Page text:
Sadly, many interventions developed in the health setting do not do this kind of situational assessment nor a needs assessment. Research is done, then the researchers seek places to apply it – akin to crafting a square peg for a round hole.

Much intervention development research is not fit for purpose and feasibility and relevance to people in the real world is often not considered. In the field of health literacy, most research has been done in North America, in a very different healthcare system, where the principle focus has been on reading ability and numeracy.

Ophelia, with the wisdom of academic fields outside health, warmly embraces all the actors, and their intimate knowledge of what works, for whom, under what circumstances, and why. This is “co-creation” – an approach that is becoming increasingly important in the health sector.

The needs assessment process in Ophelia uses a questionnaire that we developed specifically for this purpose – the Health Literacy Questionnaire (HLQ).

Health literacy is a complex concept with many aspects. We developed the HLQ using the perspective (voice) of people experiencing significant difficulties caring for their health, as well as the most experienced practitioners.

These people indicated that health literacy involves nine separate aspects (see

Harvesting pearls of wisdom

As part of the Ophelia process, detailed information is collected from the community members we seek to empower using the HLQ. This information is then presented to the best frontline practitioners and managers to consider.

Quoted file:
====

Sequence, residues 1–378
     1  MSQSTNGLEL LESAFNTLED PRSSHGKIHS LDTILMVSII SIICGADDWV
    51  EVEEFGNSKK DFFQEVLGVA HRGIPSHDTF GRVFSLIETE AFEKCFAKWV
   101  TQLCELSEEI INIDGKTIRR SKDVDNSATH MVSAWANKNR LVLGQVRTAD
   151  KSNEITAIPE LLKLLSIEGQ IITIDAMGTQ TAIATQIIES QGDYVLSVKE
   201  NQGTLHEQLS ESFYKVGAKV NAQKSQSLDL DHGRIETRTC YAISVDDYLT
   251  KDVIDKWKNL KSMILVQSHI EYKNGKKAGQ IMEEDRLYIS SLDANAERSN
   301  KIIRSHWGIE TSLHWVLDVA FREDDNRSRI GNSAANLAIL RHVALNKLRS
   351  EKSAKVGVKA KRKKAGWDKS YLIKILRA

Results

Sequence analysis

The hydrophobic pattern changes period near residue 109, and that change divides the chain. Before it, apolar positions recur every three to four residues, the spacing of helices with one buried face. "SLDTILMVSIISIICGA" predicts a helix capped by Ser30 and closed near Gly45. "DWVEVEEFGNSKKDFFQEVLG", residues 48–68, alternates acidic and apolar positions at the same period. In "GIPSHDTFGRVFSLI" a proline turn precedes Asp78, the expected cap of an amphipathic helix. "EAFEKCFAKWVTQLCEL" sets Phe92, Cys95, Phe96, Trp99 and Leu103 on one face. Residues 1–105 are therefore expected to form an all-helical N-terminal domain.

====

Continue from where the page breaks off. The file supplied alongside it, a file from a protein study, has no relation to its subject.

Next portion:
It is the tacit knowledge, or local wisdom, of these practitioners we seek to help us develop the health literacy interventions. These are practitioners with many years of experience of deeply engaging with their community where they have seen many individuals borne, fall ill, recover, recover again, and die.

These front-line practitioners I like to call ‘Sage Practitioners’. Everyone has met a practitioner (not necessarily in health) who somehow makes us feel so very comfortable, listened to, safe, and gets to the nub of our problem and nails our issue.

These are the people who generate that ‘light bulb’ moment and empower an individual to take action in their health. Ophelia really values these people.

Ophelia systematically extracts the pearls of wisdom from the Sages and the pearls are inserted into a mosaic that identifies potential intervention points at the patient, practitioner, organisational, and the inter-organisational/policy levels.

These interventions are generated within the participating health services and reflect what the very best practitioners do on a daily basis. Ophelia seeks to gather these and make them usual practice of all practitioners and organisations. Because they are locally developed we already know they are implementable– no round holes here!

In the Ophelia Victoria project, we have eight different organisations across city and rural areas.